Liberty roofers named in suit
WARREN — A Youngstown man has filed a civil action against a Liberty roofing company and a supervisor for wrongful termination and also accused the firm of discrimination and lacking in safety practices.
The Trumbull County Common Pleas Court lawsuit filed on behalf of Andre Davis of 443 Aurora Drive, names as defendants TEMA Roofing Services LLC of Motor Inn Drive in Liberty and superintendent David Pugh.
The suit originally was filed in December and was transferred from Mahoning County Common Pleas Court last week. It has been assigned to Judge Peter J. Kontos.
The suit also charges the company with discrimination against the African-American former employee. The company also was accused of not giving Davis the proper progressive disciplinary steps before his firing on Sept. 12, 2019.
The facts of the case show that Davis was hired by TEMA in August 2008 through Roofers Local No. 71. Davis was a roofing third-year apprentice and Pugh was Davis’ superintendent and field manager.
The lawsuit names two instances where Davis claims the company was at fault. The first occurred around Aug. 15, 2019, when Davis was on the team working a roofing project at the Franklin YMCA, which was supervised by foreman David Klink. Davis was the only African-American on the team, the lawsuit noted, and the project involved the removal of hazardous materials, including asbestos.
The asbestos abatement team was dismissed from the Franklin job site before asbestos removal was completed. On Sept. 6, 2019, Klink ordered Davis to clean up a large uncontained pile of asbestos on the ground near dumpsters, using only his hands and a shovel.
When Davis reminded Klink about an agreement stating neither Davis nor his crew were to be handling asbestos because of health and safety reasons, according to the lawsuit, the foreman dismissed the objections and ordered Davis to complete the task.
Davis and another unnamed union operator agreed the removal could be handled more safely by using a forklift. After Davis completed the task using a forklift, Klink reprimanded Davis for not following directions.
A second incident took place Sept. 9, 2019, when Davis was working at a Rootstown Elementary School. Again, the suit claims Davis was the only African-American on the TEMA crew in Rootstown.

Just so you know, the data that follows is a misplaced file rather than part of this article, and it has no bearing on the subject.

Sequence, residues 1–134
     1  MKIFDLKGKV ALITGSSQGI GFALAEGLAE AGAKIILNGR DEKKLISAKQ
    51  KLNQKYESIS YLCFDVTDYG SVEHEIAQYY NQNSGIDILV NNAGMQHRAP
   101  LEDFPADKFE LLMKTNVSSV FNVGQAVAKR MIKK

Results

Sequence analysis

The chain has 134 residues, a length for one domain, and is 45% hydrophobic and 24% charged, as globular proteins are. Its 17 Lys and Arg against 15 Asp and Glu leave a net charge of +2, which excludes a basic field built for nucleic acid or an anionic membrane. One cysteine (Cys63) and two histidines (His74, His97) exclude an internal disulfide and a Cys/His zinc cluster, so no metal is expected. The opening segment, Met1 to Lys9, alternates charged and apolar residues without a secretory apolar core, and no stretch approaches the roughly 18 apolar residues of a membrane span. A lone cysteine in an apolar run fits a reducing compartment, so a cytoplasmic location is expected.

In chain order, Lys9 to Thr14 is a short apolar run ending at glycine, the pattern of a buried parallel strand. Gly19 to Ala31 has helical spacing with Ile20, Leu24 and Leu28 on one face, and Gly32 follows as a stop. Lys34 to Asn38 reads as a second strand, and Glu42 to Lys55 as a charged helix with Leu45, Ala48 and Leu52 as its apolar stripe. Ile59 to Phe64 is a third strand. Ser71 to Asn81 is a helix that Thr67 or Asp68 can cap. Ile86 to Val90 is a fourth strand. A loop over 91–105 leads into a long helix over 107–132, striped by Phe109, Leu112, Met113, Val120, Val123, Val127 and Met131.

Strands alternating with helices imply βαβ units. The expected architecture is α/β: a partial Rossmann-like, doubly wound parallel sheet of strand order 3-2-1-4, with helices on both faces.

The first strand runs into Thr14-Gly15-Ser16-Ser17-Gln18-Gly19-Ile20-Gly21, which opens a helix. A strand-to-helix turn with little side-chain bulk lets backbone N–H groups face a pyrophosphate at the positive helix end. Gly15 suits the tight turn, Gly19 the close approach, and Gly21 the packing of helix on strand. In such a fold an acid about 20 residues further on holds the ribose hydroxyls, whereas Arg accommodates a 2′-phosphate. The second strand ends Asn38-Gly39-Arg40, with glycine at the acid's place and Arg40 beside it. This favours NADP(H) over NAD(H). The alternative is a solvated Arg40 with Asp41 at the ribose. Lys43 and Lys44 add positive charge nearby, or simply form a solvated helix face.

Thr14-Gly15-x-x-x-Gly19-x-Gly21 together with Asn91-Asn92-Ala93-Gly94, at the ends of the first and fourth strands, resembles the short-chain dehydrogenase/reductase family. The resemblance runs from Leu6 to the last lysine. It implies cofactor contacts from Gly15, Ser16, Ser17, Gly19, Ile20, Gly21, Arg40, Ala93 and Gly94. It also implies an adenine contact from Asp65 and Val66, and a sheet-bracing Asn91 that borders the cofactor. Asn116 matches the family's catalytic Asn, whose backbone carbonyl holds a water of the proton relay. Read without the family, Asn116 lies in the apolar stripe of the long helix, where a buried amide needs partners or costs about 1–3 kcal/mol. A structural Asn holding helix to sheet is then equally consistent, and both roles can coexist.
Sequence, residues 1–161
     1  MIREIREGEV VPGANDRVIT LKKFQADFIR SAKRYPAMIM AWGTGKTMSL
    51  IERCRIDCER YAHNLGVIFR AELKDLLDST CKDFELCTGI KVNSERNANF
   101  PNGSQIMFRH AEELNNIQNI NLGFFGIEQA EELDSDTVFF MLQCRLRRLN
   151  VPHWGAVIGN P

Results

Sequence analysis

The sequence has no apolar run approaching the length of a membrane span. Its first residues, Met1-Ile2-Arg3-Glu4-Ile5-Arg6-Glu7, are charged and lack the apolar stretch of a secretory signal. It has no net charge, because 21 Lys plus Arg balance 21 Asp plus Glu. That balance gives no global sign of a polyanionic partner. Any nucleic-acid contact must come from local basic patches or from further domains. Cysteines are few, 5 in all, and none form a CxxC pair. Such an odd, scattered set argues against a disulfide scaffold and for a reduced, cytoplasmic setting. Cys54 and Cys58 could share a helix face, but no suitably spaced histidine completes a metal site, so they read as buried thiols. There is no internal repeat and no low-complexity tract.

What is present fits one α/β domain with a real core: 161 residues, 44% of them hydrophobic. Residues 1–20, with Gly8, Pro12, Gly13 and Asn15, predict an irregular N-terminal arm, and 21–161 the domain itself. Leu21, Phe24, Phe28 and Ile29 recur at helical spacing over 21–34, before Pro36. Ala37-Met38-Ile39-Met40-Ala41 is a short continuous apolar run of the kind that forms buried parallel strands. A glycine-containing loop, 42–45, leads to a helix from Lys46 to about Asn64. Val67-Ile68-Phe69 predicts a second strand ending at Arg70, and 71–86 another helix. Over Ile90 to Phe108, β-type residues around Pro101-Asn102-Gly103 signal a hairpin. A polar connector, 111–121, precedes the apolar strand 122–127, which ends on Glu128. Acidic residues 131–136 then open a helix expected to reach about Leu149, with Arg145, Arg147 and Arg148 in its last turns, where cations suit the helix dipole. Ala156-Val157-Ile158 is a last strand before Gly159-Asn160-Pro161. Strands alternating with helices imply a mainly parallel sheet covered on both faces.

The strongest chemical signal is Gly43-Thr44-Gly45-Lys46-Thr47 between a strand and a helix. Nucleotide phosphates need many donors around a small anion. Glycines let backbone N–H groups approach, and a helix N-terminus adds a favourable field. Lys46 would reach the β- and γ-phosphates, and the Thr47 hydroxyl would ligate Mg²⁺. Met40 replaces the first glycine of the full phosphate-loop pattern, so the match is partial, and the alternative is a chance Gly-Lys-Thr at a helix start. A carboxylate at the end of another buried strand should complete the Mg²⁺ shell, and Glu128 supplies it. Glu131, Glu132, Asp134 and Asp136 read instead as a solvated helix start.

When the team arrived on the Rootstown job site, they complained about dust and other hazardous work conditions, asking they be provided with PPE.
Pugh delivered the PPE to the job site, but when Davis asked the safety monitor for the item, he was refused with an “insulting comment.”
Three days later as the Rootstown project was scheduled to end, the lawsuit states a usual job briefing was not held that morning. Because of this, Davis took it upon himself to start discarding materials from the roof. When the safety monitor observed Davis doing this, the lawsuit states he started screaming at Davis.
Later, the monitor again yelled at Davis because of the way he was dropping the insulation off the roof in an “unsafe” manner, the lawsuit states. When Davis started dropping tools from the roof to a clear area below, the lawsuit states, the foreman continued yelling at Davis, telling him to hand the tool to a coworker below.
After this was done, the foreman said he had had it with Davis and was calling Pugh to report him for alleged insubordination. At the end of the work day, Pugh fired Davis for alleged insubordination and violation of safety rules.
The firing action, the lawsuit claims, was taken without giving the employee an interview or written or verbal reprimands or a final written warning.
The lawsuit is seeking $25,000 against each defendant for the two claims of wrongful firing and discrimination. It also wants a punitive award against each defendant for $25,000.
The company’s website states TEMA Roofing Services is a family-owned company, spanning three generations and a 50-year history. Attempts to contact ownership or Pugh have been unsuccessful.